The Uber saga continues with the Korean government rejecting proposals by the company to make the system work under current law in the South Korean capital.
South Korean officials in Seoul have rejected a proposal by Uber for a registration system, saying that it’s in conflict with government policy.
This is a continuation of the hard stance the government has taken with the online cab-hailing service including offering upwards of $9,000 in rewards to citizens that report Uber’s illegal activities.
Seoul is already hard at work trying to ease the saturated taxi market, and fears in the government are that by adopting a registration system, it would simply intensify competition by flooding the market with more consumer options, thus threatening the survival of the existing cab drivers This according to a statement by the Ministry of Land, Infrastructure and Transport on Thursday.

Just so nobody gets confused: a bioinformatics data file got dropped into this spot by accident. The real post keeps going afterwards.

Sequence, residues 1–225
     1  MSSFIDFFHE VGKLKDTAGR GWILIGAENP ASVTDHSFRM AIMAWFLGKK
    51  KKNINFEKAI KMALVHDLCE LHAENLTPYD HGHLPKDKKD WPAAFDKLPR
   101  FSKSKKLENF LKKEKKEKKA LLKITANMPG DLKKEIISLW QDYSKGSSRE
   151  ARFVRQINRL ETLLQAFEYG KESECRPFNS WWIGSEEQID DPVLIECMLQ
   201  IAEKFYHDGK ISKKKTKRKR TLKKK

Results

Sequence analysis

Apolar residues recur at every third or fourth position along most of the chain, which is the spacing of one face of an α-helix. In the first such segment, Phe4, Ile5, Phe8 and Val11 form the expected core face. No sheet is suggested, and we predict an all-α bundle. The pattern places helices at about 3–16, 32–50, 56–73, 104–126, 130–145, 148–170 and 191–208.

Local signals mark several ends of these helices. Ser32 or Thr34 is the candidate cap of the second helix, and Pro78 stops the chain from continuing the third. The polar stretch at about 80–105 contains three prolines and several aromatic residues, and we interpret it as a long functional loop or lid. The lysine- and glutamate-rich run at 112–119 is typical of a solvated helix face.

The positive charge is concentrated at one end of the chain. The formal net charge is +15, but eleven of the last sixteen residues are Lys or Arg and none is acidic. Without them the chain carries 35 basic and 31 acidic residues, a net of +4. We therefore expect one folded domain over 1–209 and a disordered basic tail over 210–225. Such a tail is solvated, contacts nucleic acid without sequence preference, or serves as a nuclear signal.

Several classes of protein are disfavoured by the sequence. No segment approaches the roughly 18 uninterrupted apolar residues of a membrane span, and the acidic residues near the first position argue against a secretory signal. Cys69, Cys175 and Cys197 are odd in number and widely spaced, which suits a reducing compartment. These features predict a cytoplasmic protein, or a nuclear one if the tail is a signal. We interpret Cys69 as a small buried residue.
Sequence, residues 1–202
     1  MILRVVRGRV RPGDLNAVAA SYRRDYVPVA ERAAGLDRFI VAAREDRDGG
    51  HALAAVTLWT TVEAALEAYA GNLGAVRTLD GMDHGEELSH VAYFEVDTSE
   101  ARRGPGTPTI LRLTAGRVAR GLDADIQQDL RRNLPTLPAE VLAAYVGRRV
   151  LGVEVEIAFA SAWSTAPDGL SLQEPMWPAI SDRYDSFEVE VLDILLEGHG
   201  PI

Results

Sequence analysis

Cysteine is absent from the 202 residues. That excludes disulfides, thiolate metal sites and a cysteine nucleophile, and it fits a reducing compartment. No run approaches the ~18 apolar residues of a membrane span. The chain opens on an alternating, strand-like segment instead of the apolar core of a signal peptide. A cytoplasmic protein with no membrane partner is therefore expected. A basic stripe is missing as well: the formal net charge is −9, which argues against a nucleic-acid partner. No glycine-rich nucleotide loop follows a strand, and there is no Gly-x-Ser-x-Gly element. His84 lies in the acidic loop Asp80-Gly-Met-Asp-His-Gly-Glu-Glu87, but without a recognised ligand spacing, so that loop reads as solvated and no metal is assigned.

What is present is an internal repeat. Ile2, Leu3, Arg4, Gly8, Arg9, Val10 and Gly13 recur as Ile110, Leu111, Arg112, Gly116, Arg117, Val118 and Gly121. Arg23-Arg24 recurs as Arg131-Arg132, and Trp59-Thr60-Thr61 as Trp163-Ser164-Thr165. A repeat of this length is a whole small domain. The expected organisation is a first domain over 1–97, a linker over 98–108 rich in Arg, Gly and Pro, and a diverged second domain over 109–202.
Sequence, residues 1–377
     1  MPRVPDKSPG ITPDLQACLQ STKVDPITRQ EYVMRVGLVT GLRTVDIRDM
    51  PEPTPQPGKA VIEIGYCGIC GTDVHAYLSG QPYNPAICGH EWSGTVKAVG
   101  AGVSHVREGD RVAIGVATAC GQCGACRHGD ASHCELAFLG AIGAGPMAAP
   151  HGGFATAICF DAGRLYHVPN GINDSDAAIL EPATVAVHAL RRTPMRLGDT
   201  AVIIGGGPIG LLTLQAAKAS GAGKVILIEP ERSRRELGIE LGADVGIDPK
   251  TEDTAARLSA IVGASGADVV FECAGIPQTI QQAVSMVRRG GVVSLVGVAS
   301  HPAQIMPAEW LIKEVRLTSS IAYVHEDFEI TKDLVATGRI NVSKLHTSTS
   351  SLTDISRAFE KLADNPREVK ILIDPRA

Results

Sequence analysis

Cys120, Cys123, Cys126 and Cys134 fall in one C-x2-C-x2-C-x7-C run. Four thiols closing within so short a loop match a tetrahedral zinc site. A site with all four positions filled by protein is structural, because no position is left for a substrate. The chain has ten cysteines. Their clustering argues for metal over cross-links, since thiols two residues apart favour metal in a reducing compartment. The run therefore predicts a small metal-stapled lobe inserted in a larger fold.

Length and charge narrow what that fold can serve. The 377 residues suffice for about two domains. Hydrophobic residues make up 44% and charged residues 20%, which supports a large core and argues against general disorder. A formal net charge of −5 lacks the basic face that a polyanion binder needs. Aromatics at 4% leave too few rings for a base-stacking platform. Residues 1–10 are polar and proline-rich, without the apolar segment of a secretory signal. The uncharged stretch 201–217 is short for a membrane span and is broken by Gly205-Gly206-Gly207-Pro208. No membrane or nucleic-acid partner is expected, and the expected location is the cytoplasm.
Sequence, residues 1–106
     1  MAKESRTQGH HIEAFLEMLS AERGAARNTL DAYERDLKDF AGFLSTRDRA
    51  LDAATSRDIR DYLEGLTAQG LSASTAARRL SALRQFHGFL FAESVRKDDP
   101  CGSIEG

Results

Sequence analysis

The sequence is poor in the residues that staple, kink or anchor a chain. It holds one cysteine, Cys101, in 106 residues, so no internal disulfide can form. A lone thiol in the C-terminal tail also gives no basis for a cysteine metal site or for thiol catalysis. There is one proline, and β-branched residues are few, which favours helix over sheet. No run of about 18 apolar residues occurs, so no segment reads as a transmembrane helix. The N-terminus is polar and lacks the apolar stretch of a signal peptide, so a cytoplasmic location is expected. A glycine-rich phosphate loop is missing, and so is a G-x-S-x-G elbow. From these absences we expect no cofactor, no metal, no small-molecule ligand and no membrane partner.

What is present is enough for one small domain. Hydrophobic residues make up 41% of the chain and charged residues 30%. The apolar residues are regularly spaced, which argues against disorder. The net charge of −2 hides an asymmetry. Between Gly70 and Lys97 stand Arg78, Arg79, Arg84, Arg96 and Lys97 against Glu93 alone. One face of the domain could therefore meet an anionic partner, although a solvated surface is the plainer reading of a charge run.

The ministry called services like Uber Black and Uber X “clearly illegal,” and that both are ignoring local laws by continuing services offered by drivers using privately-owned cars or rented vehicles.
“The Ministry along with the Seoul city will continue to strongly regulate Uber and file suit for any illegal activities,” it said. The government is working to pass a bill in parliament to ban online ride summoning services like Uber’s, it added. Uber Korea had no immediate response to the government’s decision.
Uber has offered to develop systems with Korea that would make the system, which is popular in many large cities worldwide, in line with policy. Such systems have already been implemented in locations such as New York, Los Angeles, and London, the company said.
In December, Korea filed a criminal charge against Uber CEO Travis Kalanick for flouting local transportation laws. If found guilty, Kalanick could face up to two years in prison, although he has never appeared in the country to be detained by the authorities.
- Founded in December 2008
- Uber launches in San Francisco in 2009
- First-ever Uber trip: July 5, 2010